“No,” Michelle said. “Sounds like a dream, though, for sure.”
“Oh yeah. A dream,” Roanne snorted, laughed. “Nightmare Alley’s more like it. It’s like, before they hosed the place down, every goddamned room in that place held a dopefiend or ten, swear to God. Just, Shit Central, you know? And, wonderful Allen—Goat Boy to all of his legions of fans—and there’s a reason for that, believe me.”
Michelle laughed. “I met him once.”
“And once was enough,” Roanne said. “I hope you bathed after. Unngghh! It gives me the shivers to think about that fucker. Yugh! Anyway. Me and Allen. He got us a room there, let’s see, last June, I believe.” She batted her eyes. Her voice became arch, mocking, sing-song almost. “Yes, June. Those long nights of summer, romance.” She batted her eyes one more time and then rolled them.
“God!” Michelle laughed. “It sounds like a love for the ages!”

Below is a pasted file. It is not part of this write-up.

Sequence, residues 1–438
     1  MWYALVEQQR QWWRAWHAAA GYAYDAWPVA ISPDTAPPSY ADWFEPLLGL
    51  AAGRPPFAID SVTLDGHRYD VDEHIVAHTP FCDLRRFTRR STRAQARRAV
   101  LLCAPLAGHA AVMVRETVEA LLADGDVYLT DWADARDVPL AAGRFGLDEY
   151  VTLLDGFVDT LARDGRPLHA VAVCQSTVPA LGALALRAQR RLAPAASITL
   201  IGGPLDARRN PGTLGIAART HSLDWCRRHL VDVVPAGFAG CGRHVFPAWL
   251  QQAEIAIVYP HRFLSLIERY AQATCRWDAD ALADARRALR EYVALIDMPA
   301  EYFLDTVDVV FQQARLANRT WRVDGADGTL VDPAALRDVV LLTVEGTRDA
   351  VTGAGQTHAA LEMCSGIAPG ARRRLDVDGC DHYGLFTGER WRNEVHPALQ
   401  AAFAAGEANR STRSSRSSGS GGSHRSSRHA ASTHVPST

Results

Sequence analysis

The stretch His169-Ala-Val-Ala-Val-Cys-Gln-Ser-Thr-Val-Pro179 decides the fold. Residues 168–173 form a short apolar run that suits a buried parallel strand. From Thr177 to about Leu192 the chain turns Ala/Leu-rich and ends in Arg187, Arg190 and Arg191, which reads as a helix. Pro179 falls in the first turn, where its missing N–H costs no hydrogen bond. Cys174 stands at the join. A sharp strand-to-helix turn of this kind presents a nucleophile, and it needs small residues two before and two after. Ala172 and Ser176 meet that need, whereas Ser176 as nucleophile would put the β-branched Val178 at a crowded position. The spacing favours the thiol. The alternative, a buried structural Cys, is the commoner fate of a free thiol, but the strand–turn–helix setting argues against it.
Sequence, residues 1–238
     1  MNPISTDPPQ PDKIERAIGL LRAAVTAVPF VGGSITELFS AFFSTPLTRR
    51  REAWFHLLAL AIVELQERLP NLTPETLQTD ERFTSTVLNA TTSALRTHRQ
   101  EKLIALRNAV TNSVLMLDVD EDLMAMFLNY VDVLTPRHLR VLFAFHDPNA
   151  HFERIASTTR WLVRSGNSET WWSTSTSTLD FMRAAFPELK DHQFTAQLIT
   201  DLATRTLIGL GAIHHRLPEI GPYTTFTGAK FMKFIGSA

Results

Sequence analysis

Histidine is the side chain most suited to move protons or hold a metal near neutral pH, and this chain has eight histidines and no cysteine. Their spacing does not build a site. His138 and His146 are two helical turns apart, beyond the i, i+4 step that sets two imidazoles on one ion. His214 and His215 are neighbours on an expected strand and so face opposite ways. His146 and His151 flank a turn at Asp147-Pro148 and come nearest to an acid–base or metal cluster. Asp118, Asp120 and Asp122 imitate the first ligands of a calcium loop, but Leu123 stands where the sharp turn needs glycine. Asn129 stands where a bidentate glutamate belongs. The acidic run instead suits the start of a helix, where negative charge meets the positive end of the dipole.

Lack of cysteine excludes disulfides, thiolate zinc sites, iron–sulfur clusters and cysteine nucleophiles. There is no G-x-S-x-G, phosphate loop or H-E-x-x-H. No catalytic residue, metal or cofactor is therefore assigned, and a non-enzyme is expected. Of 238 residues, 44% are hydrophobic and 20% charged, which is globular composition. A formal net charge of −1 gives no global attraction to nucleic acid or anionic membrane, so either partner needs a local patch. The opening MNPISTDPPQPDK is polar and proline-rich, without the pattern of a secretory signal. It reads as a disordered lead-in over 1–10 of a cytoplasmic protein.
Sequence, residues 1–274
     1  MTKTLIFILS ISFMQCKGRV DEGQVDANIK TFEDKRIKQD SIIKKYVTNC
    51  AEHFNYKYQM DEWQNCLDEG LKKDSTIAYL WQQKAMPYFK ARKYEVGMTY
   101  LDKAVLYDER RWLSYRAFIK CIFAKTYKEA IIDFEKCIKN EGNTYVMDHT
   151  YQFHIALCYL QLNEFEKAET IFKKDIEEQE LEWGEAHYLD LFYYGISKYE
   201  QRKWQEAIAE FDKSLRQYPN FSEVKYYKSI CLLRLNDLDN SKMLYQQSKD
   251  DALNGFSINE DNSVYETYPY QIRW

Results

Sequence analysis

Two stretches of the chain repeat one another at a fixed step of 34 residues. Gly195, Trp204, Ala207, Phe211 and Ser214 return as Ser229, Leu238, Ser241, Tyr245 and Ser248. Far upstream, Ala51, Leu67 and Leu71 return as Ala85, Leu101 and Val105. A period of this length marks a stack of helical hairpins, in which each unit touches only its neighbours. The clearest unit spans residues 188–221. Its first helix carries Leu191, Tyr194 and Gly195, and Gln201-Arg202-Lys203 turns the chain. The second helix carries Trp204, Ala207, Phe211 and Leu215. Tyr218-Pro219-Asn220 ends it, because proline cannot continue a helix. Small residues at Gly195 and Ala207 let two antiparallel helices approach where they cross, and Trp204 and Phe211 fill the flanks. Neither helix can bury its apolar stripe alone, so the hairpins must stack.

“Well, yes,” Roanne said. “Eons, actually. Anyway, Allen, he’s dealing, right? Why else would I be there? And he figured, hey, the Gatewood, why not? The market demographic and proximity, my dear, were ideal. And so, we moved in, and—my God, Michelle, talk about nightmare. I just can’t tell you! They must’ve hauled four or five bodies out of that place our first week, swear to God. And then, toward the middle of the second week, our money runs out. Allen and me being pretty much the main market demographic in the whole fucking place, and—” They laughed. “—and then, fucking Allen takes off, like on a Thursday or something. Says he’s gonna scuffle up something or other, and God knows what that was, you know? But, he’s gonna make it all better. So he leaves me there, dopesick, of course, and—I was sick, too, girl, sick as a dog, and now, Allen, he’s fucking gone, and—I couldn’t even move I was so sick—and then, this was Friday, like three in the morning or some goddamned thing, and this guy comes over, and, lo and behold, he’s got some dope.